Missing Children E-mails and Hoaxes
Many e-mails about missing children have been circulating in the past several years. Most of them are either hoaxes or contain information that is no longer true. The information is usually based on real cases, but provides minimal descriptive information with no information to contact law enforcement. E-mail notification is not included as a specification of the AMBER Alert plan.
If you receive an e-mail about a missing child, take a few minutes to verify that the e-mail is valid. Forwarding these types of e-mails, even though the intention is good, is not a good idea, as it can frustrate real search efforts and can become a nuisance after the case is closed.
Common Traits of Hoax E-mails
- Contains little useful information, usually just a picture or name of the child.
- Fails to include common descriptive information, such as:
- Where the child is missing from
- When the child went missing
- Physical description of the child and what the child was wearing at the time of the disappearance.
- Appears hastily written and is plagued with spelling and grammatical errors.
- Fails to provide a clear way to contact local law enforcement agencies or missing children organizations.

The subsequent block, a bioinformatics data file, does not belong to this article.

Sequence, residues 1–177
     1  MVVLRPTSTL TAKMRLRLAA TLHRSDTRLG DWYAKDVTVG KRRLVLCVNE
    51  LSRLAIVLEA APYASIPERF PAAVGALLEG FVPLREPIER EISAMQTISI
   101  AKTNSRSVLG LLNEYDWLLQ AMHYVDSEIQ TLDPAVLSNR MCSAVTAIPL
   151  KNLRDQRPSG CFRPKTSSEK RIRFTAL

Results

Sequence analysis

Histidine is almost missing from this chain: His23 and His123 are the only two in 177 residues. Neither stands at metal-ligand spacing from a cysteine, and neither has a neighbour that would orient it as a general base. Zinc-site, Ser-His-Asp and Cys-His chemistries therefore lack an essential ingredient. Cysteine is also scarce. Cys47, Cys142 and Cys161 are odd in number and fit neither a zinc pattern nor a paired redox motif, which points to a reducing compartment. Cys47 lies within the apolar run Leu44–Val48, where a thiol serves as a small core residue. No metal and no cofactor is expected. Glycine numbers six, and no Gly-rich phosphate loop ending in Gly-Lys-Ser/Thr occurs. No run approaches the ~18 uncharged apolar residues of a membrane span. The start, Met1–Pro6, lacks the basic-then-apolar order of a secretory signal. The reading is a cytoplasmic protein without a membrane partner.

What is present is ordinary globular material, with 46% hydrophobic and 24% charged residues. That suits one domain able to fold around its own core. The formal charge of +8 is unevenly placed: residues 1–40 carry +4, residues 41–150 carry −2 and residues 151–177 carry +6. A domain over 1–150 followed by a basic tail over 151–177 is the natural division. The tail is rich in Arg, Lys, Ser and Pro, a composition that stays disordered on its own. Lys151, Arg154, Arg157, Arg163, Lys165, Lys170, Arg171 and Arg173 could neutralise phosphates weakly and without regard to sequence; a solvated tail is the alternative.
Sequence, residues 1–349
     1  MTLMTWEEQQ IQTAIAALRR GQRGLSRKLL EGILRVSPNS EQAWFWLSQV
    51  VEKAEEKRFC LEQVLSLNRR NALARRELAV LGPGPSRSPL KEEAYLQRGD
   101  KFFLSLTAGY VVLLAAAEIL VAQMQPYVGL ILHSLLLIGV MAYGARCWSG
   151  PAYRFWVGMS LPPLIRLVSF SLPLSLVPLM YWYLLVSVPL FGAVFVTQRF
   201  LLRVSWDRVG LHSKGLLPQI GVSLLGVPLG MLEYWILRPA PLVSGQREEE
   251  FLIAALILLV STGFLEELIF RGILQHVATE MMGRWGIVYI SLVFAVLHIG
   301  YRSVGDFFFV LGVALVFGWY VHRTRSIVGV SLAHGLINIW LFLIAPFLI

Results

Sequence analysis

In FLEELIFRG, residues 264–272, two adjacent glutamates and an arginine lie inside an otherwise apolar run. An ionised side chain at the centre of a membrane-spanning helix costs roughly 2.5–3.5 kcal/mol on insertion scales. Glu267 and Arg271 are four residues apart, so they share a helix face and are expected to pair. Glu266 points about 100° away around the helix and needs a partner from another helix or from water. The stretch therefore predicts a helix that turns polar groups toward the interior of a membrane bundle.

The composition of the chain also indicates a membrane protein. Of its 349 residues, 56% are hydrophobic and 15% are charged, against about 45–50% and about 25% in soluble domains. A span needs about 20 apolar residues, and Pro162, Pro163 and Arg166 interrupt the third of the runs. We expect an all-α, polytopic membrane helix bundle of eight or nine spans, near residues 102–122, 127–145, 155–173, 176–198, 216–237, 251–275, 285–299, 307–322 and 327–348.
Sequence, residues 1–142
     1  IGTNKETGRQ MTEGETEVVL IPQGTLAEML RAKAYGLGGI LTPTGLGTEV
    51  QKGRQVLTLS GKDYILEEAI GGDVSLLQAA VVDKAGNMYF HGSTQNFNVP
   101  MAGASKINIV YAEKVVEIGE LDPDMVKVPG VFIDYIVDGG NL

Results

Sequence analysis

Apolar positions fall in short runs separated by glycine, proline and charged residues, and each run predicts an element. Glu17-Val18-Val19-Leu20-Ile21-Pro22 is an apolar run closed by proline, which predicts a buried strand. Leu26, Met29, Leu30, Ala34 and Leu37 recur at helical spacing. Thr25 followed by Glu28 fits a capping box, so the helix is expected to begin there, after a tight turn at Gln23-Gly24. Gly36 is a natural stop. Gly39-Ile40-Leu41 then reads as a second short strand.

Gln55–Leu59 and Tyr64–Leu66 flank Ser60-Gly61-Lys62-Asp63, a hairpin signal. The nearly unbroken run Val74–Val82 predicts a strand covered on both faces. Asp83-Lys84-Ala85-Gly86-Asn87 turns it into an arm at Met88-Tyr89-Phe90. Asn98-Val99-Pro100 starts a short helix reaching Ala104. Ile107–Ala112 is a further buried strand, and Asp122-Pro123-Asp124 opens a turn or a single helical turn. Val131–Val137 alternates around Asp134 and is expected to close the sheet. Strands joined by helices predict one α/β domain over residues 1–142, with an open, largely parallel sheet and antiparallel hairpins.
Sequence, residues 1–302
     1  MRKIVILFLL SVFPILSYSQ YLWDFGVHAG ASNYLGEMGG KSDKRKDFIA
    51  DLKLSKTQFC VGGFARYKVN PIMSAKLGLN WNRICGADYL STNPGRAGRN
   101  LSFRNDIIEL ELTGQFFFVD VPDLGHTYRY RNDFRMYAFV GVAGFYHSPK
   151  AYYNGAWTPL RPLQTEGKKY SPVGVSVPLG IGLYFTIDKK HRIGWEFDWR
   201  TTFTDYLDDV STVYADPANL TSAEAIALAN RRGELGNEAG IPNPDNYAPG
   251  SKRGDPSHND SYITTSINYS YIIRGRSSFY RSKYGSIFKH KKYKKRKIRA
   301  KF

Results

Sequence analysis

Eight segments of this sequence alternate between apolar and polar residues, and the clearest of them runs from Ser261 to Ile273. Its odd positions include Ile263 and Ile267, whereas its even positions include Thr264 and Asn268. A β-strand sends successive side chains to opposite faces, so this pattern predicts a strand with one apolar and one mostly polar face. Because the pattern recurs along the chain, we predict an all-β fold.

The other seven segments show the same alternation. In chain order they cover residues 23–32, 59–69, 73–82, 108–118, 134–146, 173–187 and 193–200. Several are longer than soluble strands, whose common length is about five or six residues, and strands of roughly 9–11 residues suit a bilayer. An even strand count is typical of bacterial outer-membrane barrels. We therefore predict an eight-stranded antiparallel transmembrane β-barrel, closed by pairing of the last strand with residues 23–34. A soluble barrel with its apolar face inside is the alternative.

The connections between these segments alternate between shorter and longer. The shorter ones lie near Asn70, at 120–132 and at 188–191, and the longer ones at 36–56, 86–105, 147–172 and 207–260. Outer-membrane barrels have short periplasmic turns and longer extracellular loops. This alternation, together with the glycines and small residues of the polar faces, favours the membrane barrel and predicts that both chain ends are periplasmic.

- Offers links to unrelated Web sites.
- Calls for reader to forward the message to “everyone you know.”
Common Missing Children Alert & Hoax E-mails
Below are listed some commonly know e-mails and hoaxes. Although persons listed as hoaxes may actually exist, these e-mails are known to be hoaxes.
- Penny Brown (hoax)
- Nicholas Farber (safely recovered)
- Ashley Flores (hoax)
- Briana Hennigan (safely recovered)
- Shawn Horbeck (safely recovered)
- Kelsey Brooke Jones (safely recovered)
- Jessica Koopmans (found deceased)
- Christopher John Mineo (hoax)
- Andrea Montoya (safely recovered)
- Ashlyn Starkies (safely recovered)
- Krystava Patients Schmidt (safely recovered)
- Yohana Ravelo (hoax)
- Rachel Smith (found deceased)
- Raechelle Smith (still missing)
- Jewel Mahavia Strong (presumed deceased)
- Evan Trembly (hoax)
- Danielle Van Dam (found deceased)
- Contact local law enforcement agencies in the area where a child is missing from.
- Search the National Center for Missing and Exploited Children (NCMEC) web site. NCMEC serves as the clearinghouse of information about missing and exploited children, and offers a searchable database of missing children based on:
- Name, age, and description
- Circumstances of the case (runaway, family/non-family abductions)
- Description of suspected abductor, when applicable
- Date reported missing
- Last know location
- Contact information.
- Contact the Association of Missing and Exploited Childrens Organizations (AMECO).
- Check the U.S. Department of Energy, Computer Incident Advisory Capability (CIAC) Hoaxbusters web site.